The Mekong Delta

15 June 2012

The final day of our tour was spent on the Mekong Delta.  It's one of those place names I remember talking about in Geography, and for some reason stuck in my brain as an interesting name.  So it was kinda cool to see it for myself.  Another early start saw us taking a bus on the newest and I think the tour leader said only piece of motorway in Vietnam.  On the way we were surprised to see men working on the power transmission lines – apparently just sitting up there, doing whatever they were doing.  Everyone scrabbled to get their cameras out in time to take a shot from the bus.

Men sitting on the powerlines.

We arrived in the delta and caught a boat around the islands in the delta.  Large islands, some with hundreds of people living on them.  We disembarked at one and were led through a little jungle path to a village where we were given a short tour and some morning tea.  As we sipped our drinks a local group played and sang for us and encouraged us to join in with them.  

(I'll try and upload a video or two when I have the time - they take forever!!!)

All around us the thick tropical rain was falling heavily.  When the rain cleared we said our thanks and headed back to the boat and on to the next island. 
Here we were shown through a workshop making coconut lollies.  We were shown the process and how every part of a coconut is used for some purpose or other.  I was interested to find that if you press fresh coconut flesh the first product you get is coconut ‘milk’ then if you keep pressing it you get coconut oil.  They gave us a sample of some freshly made caramels which were still hot, but so soft, chewy and tasty.  Something along the lines of a coconut Mackintosh’s toffee.  Needless to say we all bought several packs at the end of the tour.  The mixture is poured out into a mould or long strips maybe an inch wide, where it is cooled a little then turned out and cut into individual pieces by one lady.  Another then takes these and wraps each piece in a small square of edible rice paper.  The next lady then wraps these in papers printed with the correct flavour and then they are packaged for sale.

The machine for making shredded coconut.

The toffee cooling in strips.

The workers cutting and wrapping the lollies.

After the tour of the workshop, which interestingly had no walls and was just a large room with a floor and thatched roof, we were taken for a short walk to watch women making rice paper.  On the way we passed a snake handler and were given the opportunity to wear a python.  I’m not sure if it was just because most of our group were Australians and snakes are so ho-hum for them, but only me and one other guy were interested, and so we were draped with a snake about one and a half metres long.  I was surprised to find it didn’t feel like I thought it would, somehow softer and less scaly than I expected, and while not warm, not as cold as I expected.  One of the women in our group had a go making rice paper, with limited success.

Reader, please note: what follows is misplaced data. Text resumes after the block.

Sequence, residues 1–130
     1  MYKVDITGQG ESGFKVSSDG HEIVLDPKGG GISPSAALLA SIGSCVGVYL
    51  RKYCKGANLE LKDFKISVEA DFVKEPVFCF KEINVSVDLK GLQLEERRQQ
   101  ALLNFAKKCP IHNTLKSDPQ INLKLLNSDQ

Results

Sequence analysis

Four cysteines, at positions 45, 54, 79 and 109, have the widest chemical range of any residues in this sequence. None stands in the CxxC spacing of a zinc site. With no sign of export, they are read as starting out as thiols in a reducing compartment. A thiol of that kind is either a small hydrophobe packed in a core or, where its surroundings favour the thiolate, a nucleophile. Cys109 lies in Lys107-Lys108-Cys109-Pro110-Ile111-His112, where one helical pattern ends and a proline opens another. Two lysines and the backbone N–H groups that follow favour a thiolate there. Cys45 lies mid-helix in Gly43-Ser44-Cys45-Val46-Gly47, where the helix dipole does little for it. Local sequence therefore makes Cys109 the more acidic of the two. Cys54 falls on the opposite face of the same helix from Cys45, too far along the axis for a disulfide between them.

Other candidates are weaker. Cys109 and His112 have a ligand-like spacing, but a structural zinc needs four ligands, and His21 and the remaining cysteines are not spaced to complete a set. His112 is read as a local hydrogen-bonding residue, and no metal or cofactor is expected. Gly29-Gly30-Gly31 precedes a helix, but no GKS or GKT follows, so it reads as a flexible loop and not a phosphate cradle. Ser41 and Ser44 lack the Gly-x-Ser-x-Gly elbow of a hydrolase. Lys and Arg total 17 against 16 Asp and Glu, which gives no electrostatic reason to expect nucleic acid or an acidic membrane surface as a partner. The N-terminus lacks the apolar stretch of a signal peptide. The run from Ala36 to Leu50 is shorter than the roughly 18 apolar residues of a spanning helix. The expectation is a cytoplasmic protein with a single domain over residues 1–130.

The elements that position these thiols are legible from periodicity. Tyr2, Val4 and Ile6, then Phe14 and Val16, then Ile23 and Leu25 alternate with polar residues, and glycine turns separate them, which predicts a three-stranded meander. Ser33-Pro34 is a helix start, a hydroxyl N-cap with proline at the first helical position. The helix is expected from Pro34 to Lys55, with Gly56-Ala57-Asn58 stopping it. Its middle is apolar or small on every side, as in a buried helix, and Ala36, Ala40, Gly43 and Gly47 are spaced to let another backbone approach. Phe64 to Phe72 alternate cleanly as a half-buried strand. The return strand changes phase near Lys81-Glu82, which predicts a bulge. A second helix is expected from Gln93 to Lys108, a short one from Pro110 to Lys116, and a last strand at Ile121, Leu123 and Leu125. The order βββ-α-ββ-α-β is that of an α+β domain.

Afterwards we were led to a narrow stretch of river within the island that leads out to the greater delta ‘sea’, where we were put into canoes of four people and paddled with the current back to our boat.  Our next destination was a large island where we were separated into two groups and put on the back of what were sort of motorcyles with large trailers on the back for us to sit in.  Then we were driven at speed through the narrow streets, ducking under the leaves of trees as we went, and stopping for oncoming vehicles to pass.  Scary and fun!  We were delivered to lunch at a sort of guest house or campground, I’m not sure, where we served again with a number of very yummy courses.

I can’t recall how we got back to the bus, but on the journey home we stopped at a temple of a religion our tour leader had told us about earlier that has it’s origins in Vietnam, called Cau Dai.  A very brightly painted building, with paintings of Mohammed, Jesus, Confucius, and several other people I can’t remember the names of for worshipping.  Some sort of complicated all religions religion.  I forget the details, but the tour leader wasn’t particularly keen on the idea of it.

We finished the day with another amazing dinner, and then drinks in town.  We were spotted miles off by the bar staff, and enthusiastically encouraged to take up the tables on the street corner, even though this involved the staff getting the people currently occupying the seats to move somewhere else.  I can only assume they saw $$ in their eyes, but I suspect they were disappointed as we only stayed for a couple of drinks then went home.  The bar was very western and the staff very pushy.  The only difference was the number of people coming up to us asking if we wanted to buy books, cigarettes, fans, cards, etc.  There was also a small child who challenged the guys to a game of pool, and promptly won, though I don’t think any money changed hands.


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